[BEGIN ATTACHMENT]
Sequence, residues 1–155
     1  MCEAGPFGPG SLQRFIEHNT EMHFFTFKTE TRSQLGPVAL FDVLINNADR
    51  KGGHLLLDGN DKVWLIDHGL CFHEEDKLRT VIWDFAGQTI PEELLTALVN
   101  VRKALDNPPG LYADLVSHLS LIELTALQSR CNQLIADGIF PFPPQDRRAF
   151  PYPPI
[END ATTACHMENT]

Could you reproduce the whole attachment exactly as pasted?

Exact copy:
Sequence, residues 1–155
     1  MCEAGPFGPG SLQRFIEHNT EMHFFTFKTE TRSQLGPVAL FDVLINNADR
    51  KGGHLLLDGN DKVWLIDHGL CFHEEDKLRT VIWDFAGQTI PEELLTALVN
   101  VRKALDNPPG LYADLVSHLS LIELTALQSR CNQLIADGIF PFPPQDRRAF
   151  PYPPI